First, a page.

Economic Sentiment Rebounds, Its First Jump Since January

Economic sentiment surged over the past two weeks, rising 2.2 points to a reading of 49.6, according to the HPS-Civic Science Economic Sentiment Index (ESI).  With Congress seemingly on the cusp of sending a COVID-relief bill to President Biden’s desk and COVID cases decreasing across the country, economic sentiment rose for the first time in two months. The surge was driven by a significant boost in confidence towards the overall U.S. economy.

All five of the ESI’s indicators rose over the past two weeks amidst better than expected economic data, House passage of the COVID-relief package, continued rollout of COVID vaccines, and new economic forecasts signaling strong U.S. economic growth in the months ahead. Confidence in the U.S. economy grew the most, rising by 5.6 points to 55.4, its largest jump since September.

The four other indicators rose at a more modest pace:

– Confidence in the job market increased 1.9 points to 43.1, its highest level since September.

– The consumer indicators of confidence in personal finances and making a major purchase rose 1.9 and 1.8 points, respectively.

– Confidence in the housing market increased slightly, moving up 0.1 point to 49.4.

The moving average began at its low of 47.6 on February 17 and peaked on February 21 at 50.7. It then fluctuated within a 1.0 band for the remainder of the reading, closing at 49.1 on March 2.

The next release of the ESI will be Wednesday, March 17, 2021.

Economic Sentiment Continues Its 2021 Rut

Overall economic sentiment fell during the first two weeks of February 2021, declining 0.3 points to a reading of 47.4, according to the HPS-CivicScience Economic Sentiment Index (ESI). As Congressional debates over additional stimulus continue, wariness about the overall U.S. economy outweighed Americans’ boost in confidence in their personal finances and the job market.

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Three of the ESI’s five indicators declined over the past two weeks. Despite the Biden administration’s announcement of securing an additional 200 million doses of the COVID-19 vaccine, confidence in the U.S. economy fell the most, declining 1.1 points to 49.8, the lowest reading in 2021 and the first dip below 50 points since December 2020.

– Two other indicators declined: Confidence in making a major purchase dropped by 0.3 points to 42.2.

– Housing market confidence fell more significantly, dropping 0.9 points to 49.3.

Meanwhile, 49,000 jobs were gained in January, and Congress continues to debate the size and form of additional stimulus, which may partly explain why the final two indicators increased:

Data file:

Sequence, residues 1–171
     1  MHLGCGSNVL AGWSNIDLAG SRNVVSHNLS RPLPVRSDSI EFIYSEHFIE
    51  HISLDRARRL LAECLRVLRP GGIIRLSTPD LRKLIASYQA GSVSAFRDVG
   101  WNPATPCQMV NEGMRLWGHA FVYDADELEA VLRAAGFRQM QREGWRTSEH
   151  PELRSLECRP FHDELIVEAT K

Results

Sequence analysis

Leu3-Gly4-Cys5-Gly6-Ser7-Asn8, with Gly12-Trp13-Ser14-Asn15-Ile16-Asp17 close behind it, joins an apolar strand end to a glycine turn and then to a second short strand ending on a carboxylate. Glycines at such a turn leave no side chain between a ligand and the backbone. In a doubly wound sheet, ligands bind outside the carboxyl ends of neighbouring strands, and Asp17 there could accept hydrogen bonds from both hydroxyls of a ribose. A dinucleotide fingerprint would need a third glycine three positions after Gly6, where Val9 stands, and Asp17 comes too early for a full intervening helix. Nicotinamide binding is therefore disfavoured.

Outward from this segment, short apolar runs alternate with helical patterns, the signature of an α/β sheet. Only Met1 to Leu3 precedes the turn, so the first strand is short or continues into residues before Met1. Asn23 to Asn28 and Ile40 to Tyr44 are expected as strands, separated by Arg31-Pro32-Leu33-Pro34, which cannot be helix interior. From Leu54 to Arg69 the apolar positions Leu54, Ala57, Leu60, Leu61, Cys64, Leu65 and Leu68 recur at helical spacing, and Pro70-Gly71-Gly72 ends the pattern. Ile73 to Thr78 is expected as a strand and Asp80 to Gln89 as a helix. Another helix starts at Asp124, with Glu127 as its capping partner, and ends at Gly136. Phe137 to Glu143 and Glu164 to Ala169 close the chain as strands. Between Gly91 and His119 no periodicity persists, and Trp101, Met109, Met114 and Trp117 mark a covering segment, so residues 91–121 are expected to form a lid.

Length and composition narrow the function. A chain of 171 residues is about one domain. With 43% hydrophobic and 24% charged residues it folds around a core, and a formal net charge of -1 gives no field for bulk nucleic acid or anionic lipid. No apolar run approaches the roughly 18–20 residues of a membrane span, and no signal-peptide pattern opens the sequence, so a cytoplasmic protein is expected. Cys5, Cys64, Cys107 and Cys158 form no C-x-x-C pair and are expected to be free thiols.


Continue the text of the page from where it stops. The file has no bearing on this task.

– Job market confidence saw a slight uptick of 0.2 points to 41.2 points, the highest reading since October 2020.

– Confidence in personal finance increased by 0.6 points to 54.5.

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The moving average began on February 3 at 48.0 and peaked on February 12 at 48.9 before a steady decline over the past few days, reaching its low and closing number of 45.4 on February 16.

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The next release of the ESI will be Wednesday, March 3, 2021.

Economic Sentiment Plateaus In The First Full Reading Of The Biden Administration

Economic sentiment held flat over the past two weeks, maintaining a reading of 47.7, according to the HPS-Civic Science Economic Sentiment Index (ESI). Despite bumps in confidence in the job market and U.S. economy, the reading was weighed down by a significant decline in Americans’ confidence in their personal finances.

Three of the ESI’s five indicators increased over the past two weeks. Climbing the most was confidence in the job market which rose 1.3 points to 41.0, returning to a level similar to that recorded before the most recent COVID surge. Confidence in the U.S. economy and making a major purchase also experienced slight upticks, increasing 0.8 and 0.5 points, to 50.9 and 42.5 respectively. Falling the most was confidence in personal finances, which dropped 1.9 points to 53.9. Despite the continued distribution of economic impact payments throughout January, confidence in personal finances has now fallen 3.4 points since the start of January. Confidence in the housing market also fell, declining 1.0 point to 50.2.

This is the first full ESI reading under the new Biden Administration, which has prioritized COVID-related policies such as increased vaccination distribution and advocating for another round of economic stimulus. The size and scope of the stimulus is still unclear as Republican Senators who met with President Biden on Monday have offered a smaller, trimmed down stimulus that could pass on a bipartisan basis, while Democratic leadership continues to support advancing a significantly more robust, likely partisan, stimulus package. Despite a litany of economic data showing that growth, and employment slowed in the Q4 of 2020, the Congressional Budget Office released some positive projections that U.S. growth will return to pre-pandemic levels later this year and employment may fall to 5.3 percent.